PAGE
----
This was written by Felicia Baratz of Eat Breathe Blog.
When it comes to the topic of clean air, many people think about the air outside. But indoor air quality also has a significant impact on your health and the environment.
Pollutants in the home, such as tobacco smoke, fumes and chemicals from cleaning products, and automobile affect the environment around you. They are also factors contributing to increased incidences of asthma, chronic obstructive pulmonary disease and other upper respiratory problems. Being proactive can result in cleaner, greener air in your home, which can keep you and the environment healthy and safe.
Tips for getting cleaner, greener air
Keep a clean home. Cleaning your home prevents air filters from becoming clogged with dust, which, in turn, helps your heating and air conditioning system run more efficiently. Use environmentally friendly cleaners or make your own homemade natural cleaners, rather than introduce toxic household cleaners into your environment. Diluted solutions made with vinegar and baking soda can be used to clean most every surface.
Change air filters, clean ventilation systems. Regularly changing the air filters in your heating and air conditioning unit is a vital practice to maintain clean air. Choose an air filter that removes allergens, such as pollen and mold spores and dust mite debris. Have heating and cooling systems serviced annually, to reveal any potential problems that could be compromising your air quality.
Quit smoking. Tobacco products of any kind are quite dangerous in your home. In this day and age, most everyone knows that smoking or chewing tobacco is bad for their health. But secondhand smoke is equally dangerous for others in your home. Sending a smoker outdoors to smoke isn’t any better. Recently, experts have begun discussing the impact of ‘thirdhand smoke,’ residual toxins that are left behind on a smoker’s clothes or hands and that clings to other surfaces.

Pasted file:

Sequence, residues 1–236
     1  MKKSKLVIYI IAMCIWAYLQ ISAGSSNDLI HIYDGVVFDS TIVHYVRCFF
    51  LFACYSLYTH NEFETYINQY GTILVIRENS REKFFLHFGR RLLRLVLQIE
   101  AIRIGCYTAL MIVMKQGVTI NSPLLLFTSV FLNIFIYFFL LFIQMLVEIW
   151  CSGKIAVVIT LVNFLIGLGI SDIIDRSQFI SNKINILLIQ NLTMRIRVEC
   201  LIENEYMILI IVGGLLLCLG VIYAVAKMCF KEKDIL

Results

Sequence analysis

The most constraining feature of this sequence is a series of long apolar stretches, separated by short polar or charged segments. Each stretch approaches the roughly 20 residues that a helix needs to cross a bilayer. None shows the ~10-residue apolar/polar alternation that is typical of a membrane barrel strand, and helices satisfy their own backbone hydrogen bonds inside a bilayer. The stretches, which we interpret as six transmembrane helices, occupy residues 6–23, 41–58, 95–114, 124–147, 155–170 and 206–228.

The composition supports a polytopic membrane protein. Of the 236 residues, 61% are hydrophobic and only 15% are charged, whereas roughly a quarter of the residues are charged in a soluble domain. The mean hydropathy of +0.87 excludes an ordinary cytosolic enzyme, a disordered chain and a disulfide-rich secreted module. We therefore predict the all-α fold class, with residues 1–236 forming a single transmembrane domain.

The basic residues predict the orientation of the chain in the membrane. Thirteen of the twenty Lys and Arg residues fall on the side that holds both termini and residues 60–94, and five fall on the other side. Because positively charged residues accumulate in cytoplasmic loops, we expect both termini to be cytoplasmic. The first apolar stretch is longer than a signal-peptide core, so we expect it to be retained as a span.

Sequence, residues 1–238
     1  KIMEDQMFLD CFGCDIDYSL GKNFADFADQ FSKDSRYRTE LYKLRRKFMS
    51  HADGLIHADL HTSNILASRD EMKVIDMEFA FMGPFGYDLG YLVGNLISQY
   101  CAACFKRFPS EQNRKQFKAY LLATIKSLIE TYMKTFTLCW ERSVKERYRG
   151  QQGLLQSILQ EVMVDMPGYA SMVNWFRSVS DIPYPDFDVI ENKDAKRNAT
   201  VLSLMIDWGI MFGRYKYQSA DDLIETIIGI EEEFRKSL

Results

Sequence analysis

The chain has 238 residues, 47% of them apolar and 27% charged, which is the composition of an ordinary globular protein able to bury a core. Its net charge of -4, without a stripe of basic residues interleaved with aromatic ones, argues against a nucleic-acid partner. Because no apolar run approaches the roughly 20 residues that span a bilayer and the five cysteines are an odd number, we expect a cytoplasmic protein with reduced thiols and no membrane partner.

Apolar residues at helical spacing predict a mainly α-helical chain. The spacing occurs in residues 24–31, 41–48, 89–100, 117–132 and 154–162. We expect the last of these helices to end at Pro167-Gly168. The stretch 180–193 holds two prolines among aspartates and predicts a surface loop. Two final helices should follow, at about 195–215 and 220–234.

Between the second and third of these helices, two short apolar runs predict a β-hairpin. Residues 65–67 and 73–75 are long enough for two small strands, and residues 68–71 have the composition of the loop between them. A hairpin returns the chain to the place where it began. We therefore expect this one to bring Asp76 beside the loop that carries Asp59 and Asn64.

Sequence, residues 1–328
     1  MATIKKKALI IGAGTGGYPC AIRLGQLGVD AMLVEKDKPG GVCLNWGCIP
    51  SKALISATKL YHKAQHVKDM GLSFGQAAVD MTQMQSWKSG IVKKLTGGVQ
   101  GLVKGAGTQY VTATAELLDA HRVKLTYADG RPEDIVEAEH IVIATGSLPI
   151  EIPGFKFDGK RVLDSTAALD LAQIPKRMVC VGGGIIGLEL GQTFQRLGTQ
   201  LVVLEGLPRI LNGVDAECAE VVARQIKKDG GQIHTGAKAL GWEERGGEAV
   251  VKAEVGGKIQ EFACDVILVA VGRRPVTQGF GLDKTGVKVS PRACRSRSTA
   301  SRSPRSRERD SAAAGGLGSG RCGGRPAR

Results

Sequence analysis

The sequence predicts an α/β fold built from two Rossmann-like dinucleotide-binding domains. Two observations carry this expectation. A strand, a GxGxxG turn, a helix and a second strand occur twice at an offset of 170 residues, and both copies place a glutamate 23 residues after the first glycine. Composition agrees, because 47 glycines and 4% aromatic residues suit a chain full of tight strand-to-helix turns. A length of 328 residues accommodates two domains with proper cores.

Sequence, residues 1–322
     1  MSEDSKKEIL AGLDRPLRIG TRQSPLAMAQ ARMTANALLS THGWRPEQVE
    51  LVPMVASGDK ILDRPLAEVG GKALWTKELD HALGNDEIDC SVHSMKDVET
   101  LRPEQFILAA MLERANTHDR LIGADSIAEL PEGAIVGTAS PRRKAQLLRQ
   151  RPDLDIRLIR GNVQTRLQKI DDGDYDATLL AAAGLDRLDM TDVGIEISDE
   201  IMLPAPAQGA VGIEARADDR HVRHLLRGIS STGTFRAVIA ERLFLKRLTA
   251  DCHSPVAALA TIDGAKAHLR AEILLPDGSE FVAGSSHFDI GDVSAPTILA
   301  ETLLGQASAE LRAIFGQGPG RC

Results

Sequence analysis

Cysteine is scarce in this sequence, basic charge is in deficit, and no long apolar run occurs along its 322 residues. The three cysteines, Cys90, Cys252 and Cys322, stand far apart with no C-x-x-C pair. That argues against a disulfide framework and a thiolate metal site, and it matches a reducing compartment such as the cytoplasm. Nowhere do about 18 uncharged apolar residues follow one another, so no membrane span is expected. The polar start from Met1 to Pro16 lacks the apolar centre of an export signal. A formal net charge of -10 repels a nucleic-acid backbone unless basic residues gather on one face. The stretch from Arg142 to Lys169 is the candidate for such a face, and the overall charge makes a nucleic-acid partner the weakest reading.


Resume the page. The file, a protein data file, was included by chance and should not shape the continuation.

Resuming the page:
Be cautious when using heaters. Indoor kerosene or gas space heaters can emit pollutants, so if you’re using one, crack a window and don’t keep the heater in a closed room, where fumes can build-up. If your home has a fireplace, have your chimney inspected for any defects that could cause fumes to back-up into your living space. Wood-burning stoves require additional precautionary measures.
Be careful with your car. You may be tempted to run your car for a little bit when it’s cold outdoors, but move the car out of the garage first. Carbon monoxide fumes can be lethal, and they’re also very bad for the environment.
Improve air quality naturally. Plants add visual beauty to your home and they also help improve air quality. Houseplants release oxygen and remove carbon dioxide from the air to naturally improve air quality. Add half a dozen or more average-sized houseplants throughout a three-bedroom home to sufficiently improve air quality.
Image courtesy of yewenyi
Breathe easily and safely
Except for smoke and dust, bad air quality is often invisible. Pollutants from chemical-based cleaners can impact the air you breathe inside while damaging the environment. Changing the air filters in your home is important, but other steps must be taken to keep the air you breathe clean. Incorporate green practices in your home and use environmentally friendly products to reduce or eliminate chemical exposure. Even though you may not see the difference, your body will benefit by breathing cleaner, greener air and so will the environment.
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